OPM: Contractor's departure will not affect operations
- By Sean Lyngaas
- May 16, 2016
An Office of Personnel Management spokesman said a contractor's sudden departure from a key IT project earlier this month will have very little impact on the agency's operations. How well OPM responds to the contracting flap could help determine the trajectory of IT operations at an agency still haunted by past data breaches.
About a week ago, Imperatis, an Arlington, Va.-based contractor, abruptly walked off a project to overhaul OPM's IT infrastructure due to "financial distress," OPM Press Secretary Sam Schumach said.
The government learned of the company's intentions on May 6, and Imperatis employees didn't show up for work on May 9, at which point the contract was severed, according to Schumach's statement. The contract was awarded two years ago and was set to expire at the end of June.
Nextgov first reported on Imperatis quitting. The news broke the same day Sen. Claire McCaskill (D-Mo.) released a letter noting the firm's "troubled history with government contracting" and requesting more information on its default.
OPM had picked Imperatis to help carry out the Shell modernization project, which involves building infrastructure to house applications migrated from OPM's mainframe computers. OPM has been counting on the overhaul to boost IT security after a breach of agency systems exposed the personal information of at least 22 million people. Although planning for Shell began before the breach was made public, the project has been central to the agency's efforts to improve security after the breach.
Imperatis is not the only firm to have recently had an IT contract with OPM go awry. CyTech Services CEO Ben Cotton has alleged that OPM owes his firm nearly $800,000 for conducting scans of OPM hardware in the aftermath of the breach. OPM officials deny that charge.
In recent weeks, Imperatis spokespeople declined to comment to FCW on whether the company planned to continue its work on the Shell project. In a May 16 statement to FCW, Imperatis again said a confidentiality agreement limited its ability to comment but said the public record would eventually vindicate the company's work on the project.
"There is much more to the story than is currently being reported," Imperatis said in a statement distributed by Thomas Meriam, a New York-based lawyer who described himself as "outside corporate counsel" to Imperatis. "The company is confident that as and when the full facts are publicly available, they will completely contradict the mischaracterization of the company's performance being reported at this time."
Funding for work on Shell has previously been a cause for concern for project insiders, according to documents obtained by FCW.
In four consecutive progress reports from July 31 to Sept. 3, 2015, that Imperatis prepared for OPM, "material funding for Shell" was rated as one of the program's high-risk issues. In the "mitigation strategy" column that succeeded that high-risk designation, the firm wrote: "Discuss potential for shifting labor dollars to materials."
The full cost and scope of the Shell project has been difficult for auditors and lawmakers to pin down.
OPM estimated the project would cost $93 million, according to former OPM Inspector General Patrick McFarland. However, he also said that estimate did not include the costliest phase of the project: the migration of systems to the Shell environment.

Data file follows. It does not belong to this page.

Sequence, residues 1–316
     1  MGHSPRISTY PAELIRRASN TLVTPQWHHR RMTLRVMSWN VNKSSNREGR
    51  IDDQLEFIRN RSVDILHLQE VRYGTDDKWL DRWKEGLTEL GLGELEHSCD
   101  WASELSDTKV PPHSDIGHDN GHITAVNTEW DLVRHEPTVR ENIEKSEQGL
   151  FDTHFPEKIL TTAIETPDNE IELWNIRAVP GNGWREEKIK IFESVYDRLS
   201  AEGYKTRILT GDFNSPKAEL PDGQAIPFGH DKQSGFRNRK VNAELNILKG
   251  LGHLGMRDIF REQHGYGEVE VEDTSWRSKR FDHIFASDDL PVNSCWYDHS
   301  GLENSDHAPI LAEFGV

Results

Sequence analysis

In addition, he has alleged that his organization did not learn of the full scope of the Shell project until it was nearly a year underway. In a September 2015 update to an audit, McFarland said the agency had yet to determine "the full scope and overall costs of the project."
OPM's leaders have also made inconsistent statements about the scope of the Imperatis contract. At a June 2015 hearing, then-OPM Director Katherine Archuleta said contracts for the third and fourth phases of the project had yet to be awarded. But in a Sept. 3 letter to the IG, Beth Cobert, Archuleta's successor, said Imperatis would be involved in all four phases of the Shell project, albeit not in latter-stage tasks such as systems modernization and "disposal of decommissioned equipment."
During Cobert's February confirmation hearing, McCaskill asked that OPM provide regular briefings on the Imperatis project.
"Corners may have needed to be cut" in the rush to patch agency systems after the breach, McCaskill said, but she told Cobert that she wanted to know if the Imperatis project is "going south," given the history of failed IT implementations at OPM.
Cobert said OPM was "committed to [making] sure that we are spending the IT dollars in a responsible way. We're working on spending them in a more modular way than has been done in the past, making sure that each element delivers results as it goes."
In her letter last week to Cobert, McCaskill declared herself "disturbed but not entirely surprised" by Imperatis' departure. She also said she was "concerned that Imperatis' default may now delay OPM's much-needed IT infrastructure and security fixes."
Sean Lyngaas is an FCW staff writer covering defense, cybersecurity and intelligence issues. Prior to joining FCW, he was a reporter and editor at Smart Grid Today, where he covered everything from cyber vulnerabilities in the U.S. electric grid to the national energy policies of Britain and Mexico. His reporting on a range of global issues has appeared in publications such as The Atlantic, The Economist, The Washington Diplomat and The Washington Post.
Lyngaas is an active member of the National Press Club, where he served as chairman of the Young Members Committee. He earned his M.A. in international affairs from The Fletcher School of Law and Diplomacy at Tufts University, and his B.A. in public policy from Duke University.
Click here for previous articles by Lyngaas, or connect with him on Twitter: @snlyngaas.